The findings come as Republicans are on the brink of changing Senate rules to confirm Gorsuch over the vehement objections of Democrats. The documents could raise questions about the rigor of Gorsuch’s scholarship, which Republicans have portrayed during the confirmation process as unimpeachable.

.       .       .       .       .

However, six experts on academic integrity contacted independently by POLITICO differed in their assessment of what Gorsuch did, ranging from calling it a clear impropriety to mere sloppiness.

“Each of the individual incidents constitutes a violation of academic ethics. I’ve never seen a college plagiarism code that this would not be in violation of,” said Rebecca Moore Howard, a Syracuse University professor who has written extensively on the issue.

Elizabeth Berenguer, an associate professor of law at Campbell Law School, said that under legal or academic standards Gorsuch’s similarities to the Indiana Law Journal would be investigated “as a potential violation of our plagiarism policy. It’s similar enough to the original work.”

“I would apply an academic writing standard,” said Berenguer, who teaches plagiarism and legal writing. “Even if it were a legal opinion, it would be plagiarism under either.”

Wait–what’s this about “under legal or academic standards?”   Continue reading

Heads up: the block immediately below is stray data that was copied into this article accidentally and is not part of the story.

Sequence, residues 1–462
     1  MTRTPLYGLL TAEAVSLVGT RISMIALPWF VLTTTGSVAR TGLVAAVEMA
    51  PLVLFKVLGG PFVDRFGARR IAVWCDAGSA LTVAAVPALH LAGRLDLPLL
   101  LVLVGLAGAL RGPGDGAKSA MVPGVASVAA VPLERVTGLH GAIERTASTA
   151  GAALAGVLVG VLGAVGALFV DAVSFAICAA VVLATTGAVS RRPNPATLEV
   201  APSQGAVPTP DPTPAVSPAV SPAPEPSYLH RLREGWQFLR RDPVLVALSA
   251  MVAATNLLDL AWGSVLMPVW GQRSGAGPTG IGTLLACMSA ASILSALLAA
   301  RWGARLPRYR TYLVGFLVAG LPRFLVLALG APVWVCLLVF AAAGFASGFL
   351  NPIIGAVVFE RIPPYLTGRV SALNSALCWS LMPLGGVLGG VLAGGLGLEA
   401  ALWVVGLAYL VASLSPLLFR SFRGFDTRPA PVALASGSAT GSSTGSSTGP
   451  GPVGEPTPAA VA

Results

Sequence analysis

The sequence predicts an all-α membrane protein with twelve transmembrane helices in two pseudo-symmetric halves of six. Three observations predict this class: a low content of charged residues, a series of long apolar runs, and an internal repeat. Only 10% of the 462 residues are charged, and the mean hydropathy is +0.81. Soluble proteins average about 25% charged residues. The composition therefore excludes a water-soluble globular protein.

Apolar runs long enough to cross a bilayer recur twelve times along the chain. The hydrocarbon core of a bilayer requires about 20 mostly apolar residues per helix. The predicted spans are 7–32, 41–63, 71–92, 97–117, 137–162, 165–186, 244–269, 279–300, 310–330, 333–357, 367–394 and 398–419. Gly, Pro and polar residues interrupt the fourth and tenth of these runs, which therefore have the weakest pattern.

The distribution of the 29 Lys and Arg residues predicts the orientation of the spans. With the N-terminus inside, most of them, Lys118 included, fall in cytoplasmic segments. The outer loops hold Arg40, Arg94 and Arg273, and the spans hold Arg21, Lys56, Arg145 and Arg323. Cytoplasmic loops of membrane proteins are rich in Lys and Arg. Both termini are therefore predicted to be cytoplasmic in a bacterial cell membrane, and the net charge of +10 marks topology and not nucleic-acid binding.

Alert the Media: Spring & summer book talk dates!

Yale University Press. 2016

For your convenience, here’s a list of my spring and early summer North American book tour stops. I hope to meet more of you in person, finally!  Most of these events are free and all are open to the public:

Thursday March 30–tomorrow night!–I’ll be at the Longmont Public Library to give a talk about The Many Captivities of Esther Wheelwright at 7 p.m.

Thursday April 13 I’ll be at Bryn Mawr College to give a talk about the book.  Stay tuned for more details as they arrive–as you might imagine, this trip will be a sentimental favorite, as it’s my own college and therefore a special honor to be asked to return as a guest.

Thursday April 27, I’m one of five invited authors to participate in a book reading at the opening reception of the Western Association of Women Historians in San Diego, California.  The Strawberries and Champagne Book Launch runs from 7-9 p.m. at the Town & Country Resort and Convention Center.

Saturday May 6, I’m doing a book talk at the Morrin Center in Québec.

And finally, on Wednesday June 28 at 6 p.m., I’m going to present my book talk at the Massachusetts Historical Society in Boston.  Come early for cocktails and snacks at 5:30, and stay to get your book signed afterwards!

 

Does history matter, Part II? What historians bring to the table

From the frying pan into the fire!

Although as I explained yesterday I feel somewhat alienated from my discipline, there are things that historians bring to the table that no one else does.  This is by no means the dernier cri–it’s a document that I invite you all to critique and add to.  It’s about time for me to add another page to this blog for disheartened historians young and old to remind us of what it is we can do and why what we do is important.  Let’s call it “Why Historians Matter” although again, that’s just a suggestion.  I’m certainly open to catchier titles–and ones that don’t appear to plagiarize Judith Bennett quite so much!

So far, I’ve tried to focus on the key elements of historical research (collection, analysis, and evaluation) and one aspect of teaching history (citizenship).   Continue reading